The Benefits of Using IEC 61850 in Substations

When used as a unified communication protocol in substations, the IEC 61850 standard provides benefits that help substation designers construct a complete, Ethernet-based communication system.

The costs associated with setting up a monitoring system in a substation that uses different communication protocols (e.g., DNP3.0, UCA and IEC 870-5) can be prohibitive. The IEC 61850 protocol is preferred since programmers only need to use one protocol to develop the required monitoring applications. System designers also find it easier to select components and controllers that have been designed specifically to meet the standard requirements of the IEC 61850 protocol, saving on both implementation and system maintenance. Additionally, the fact that leading manufacturers such as ABB, Siemens and Areva are producing integrated ICE 61850-based products saves time, since system integrators can design systems with products right off the shelf.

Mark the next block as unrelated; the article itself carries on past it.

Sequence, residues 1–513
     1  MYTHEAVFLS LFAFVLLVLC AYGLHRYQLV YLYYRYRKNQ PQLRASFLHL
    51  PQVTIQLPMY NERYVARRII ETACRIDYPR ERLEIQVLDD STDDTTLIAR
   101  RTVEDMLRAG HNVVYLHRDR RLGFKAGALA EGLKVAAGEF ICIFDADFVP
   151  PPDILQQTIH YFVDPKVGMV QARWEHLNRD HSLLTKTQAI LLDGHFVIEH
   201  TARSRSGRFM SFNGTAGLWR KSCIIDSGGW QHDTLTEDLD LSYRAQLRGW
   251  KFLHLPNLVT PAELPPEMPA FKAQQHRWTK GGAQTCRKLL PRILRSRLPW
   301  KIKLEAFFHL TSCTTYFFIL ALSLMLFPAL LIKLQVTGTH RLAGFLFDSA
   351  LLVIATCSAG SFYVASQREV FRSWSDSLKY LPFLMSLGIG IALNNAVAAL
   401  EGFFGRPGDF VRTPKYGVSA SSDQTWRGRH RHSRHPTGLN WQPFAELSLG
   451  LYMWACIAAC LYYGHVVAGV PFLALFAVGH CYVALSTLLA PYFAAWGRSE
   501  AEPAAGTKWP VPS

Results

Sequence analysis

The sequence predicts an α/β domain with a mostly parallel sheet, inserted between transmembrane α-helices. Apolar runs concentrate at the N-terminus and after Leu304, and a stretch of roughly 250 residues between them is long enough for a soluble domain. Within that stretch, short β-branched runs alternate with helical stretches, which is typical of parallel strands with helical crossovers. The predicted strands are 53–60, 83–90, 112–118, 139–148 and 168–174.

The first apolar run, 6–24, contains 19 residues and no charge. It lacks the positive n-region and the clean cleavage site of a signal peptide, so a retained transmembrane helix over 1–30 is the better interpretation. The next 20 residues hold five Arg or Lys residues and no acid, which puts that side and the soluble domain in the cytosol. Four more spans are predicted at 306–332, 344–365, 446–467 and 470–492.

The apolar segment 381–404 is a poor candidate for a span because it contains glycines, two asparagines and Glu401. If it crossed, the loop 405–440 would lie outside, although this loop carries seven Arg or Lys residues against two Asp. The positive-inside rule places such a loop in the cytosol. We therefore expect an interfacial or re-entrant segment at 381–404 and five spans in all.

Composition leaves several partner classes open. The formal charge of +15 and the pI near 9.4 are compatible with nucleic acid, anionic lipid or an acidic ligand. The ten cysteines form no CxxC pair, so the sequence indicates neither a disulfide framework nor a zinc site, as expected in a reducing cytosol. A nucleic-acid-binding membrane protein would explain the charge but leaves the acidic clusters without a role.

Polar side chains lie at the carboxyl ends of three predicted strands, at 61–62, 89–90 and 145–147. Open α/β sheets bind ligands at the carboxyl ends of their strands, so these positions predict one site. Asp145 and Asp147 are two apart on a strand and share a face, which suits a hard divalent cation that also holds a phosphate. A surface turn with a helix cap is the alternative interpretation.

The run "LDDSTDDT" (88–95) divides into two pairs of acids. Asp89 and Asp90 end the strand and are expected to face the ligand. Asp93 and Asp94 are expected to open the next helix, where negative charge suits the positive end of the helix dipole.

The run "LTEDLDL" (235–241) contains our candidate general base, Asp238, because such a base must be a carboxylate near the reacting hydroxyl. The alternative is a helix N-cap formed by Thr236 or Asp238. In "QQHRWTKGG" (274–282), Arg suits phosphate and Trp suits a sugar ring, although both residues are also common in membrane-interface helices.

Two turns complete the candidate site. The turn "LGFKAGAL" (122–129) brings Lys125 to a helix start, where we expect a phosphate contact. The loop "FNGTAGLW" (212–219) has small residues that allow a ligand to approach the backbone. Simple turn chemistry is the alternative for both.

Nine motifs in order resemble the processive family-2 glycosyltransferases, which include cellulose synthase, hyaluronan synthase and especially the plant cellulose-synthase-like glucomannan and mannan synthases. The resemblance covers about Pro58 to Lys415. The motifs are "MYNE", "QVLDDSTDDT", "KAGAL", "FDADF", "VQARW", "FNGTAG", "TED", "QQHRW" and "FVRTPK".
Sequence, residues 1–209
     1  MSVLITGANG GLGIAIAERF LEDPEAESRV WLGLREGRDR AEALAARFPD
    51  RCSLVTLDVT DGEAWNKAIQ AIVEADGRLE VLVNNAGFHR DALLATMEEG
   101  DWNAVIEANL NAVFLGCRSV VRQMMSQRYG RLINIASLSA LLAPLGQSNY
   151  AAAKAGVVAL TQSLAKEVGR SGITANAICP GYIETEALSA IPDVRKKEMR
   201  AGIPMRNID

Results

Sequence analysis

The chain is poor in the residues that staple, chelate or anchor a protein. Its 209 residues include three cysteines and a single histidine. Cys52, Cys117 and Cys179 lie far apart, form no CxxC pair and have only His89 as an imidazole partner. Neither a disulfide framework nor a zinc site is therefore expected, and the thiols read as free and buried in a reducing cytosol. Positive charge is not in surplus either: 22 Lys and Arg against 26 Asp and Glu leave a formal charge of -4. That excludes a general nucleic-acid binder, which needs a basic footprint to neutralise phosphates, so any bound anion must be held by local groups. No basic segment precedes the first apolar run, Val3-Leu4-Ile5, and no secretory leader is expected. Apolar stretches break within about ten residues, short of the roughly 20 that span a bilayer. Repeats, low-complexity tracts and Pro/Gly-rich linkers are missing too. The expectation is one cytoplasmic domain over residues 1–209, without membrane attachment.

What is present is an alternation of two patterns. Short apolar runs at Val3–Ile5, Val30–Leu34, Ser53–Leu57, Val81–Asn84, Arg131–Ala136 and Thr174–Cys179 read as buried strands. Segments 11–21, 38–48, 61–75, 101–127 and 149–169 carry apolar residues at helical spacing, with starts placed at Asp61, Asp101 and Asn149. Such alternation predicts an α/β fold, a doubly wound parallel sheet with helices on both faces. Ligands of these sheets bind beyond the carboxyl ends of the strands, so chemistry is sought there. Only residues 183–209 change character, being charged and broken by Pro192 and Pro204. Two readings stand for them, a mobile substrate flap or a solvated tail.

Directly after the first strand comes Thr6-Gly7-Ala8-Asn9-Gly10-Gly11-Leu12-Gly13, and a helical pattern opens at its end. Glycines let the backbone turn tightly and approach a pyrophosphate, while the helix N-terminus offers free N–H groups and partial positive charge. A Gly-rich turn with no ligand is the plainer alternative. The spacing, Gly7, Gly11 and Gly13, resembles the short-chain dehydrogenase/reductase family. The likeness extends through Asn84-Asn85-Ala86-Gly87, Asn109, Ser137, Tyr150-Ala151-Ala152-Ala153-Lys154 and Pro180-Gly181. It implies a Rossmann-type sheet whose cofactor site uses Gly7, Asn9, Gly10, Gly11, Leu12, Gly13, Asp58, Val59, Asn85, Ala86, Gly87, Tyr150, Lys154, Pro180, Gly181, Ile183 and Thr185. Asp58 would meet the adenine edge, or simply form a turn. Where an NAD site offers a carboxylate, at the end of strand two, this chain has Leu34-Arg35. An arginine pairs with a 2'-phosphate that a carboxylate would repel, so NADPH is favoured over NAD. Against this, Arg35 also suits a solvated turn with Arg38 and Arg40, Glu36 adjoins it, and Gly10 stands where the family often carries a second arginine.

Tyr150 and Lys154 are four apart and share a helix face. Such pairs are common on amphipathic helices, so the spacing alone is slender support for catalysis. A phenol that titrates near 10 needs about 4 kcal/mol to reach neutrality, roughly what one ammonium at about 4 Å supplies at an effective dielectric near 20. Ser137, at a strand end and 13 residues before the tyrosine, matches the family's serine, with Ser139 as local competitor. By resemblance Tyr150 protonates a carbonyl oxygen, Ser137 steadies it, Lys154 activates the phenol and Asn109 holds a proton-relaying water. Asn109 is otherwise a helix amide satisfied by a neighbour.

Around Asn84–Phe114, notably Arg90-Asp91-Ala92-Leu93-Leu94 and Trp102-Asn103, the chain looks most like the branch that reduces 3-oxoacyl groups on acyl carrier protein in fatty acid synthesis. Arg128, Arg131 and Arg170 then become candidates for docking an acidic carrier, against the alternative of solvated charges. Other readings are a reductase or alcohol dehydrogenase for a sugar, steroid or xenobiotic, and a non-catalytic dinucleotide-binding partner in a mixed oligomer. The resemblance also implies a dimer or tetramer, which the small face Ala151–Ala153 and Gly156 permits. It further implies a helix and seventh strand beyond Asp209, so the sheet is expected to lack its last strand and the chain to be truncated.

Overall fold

IEC 61850-3 Requirements

The IEC 61850-3 standard specifies general requirements for the hardware design of IEC 61850 devices used in substations. IEC 61850-3 devices must meet three major requirements, an example of which is the Moxa DA-681-IDPP-T embedded computer. The three requirements focus on EMI, temperature and shock/vibration resistance.

The first requirement, electromagnetic compatibility (EMC), is important since unprotected devices are easily damaged or destroyed when exposed to high levels of EMI (electromagnetic interference). Providing the necessary protection presents hardware engineers with a serious challenge, since it often requires using expensive components designed to handle electromagnetic interference. In addition to choosing the right components, engineers must also spend a good deal of time testing their design.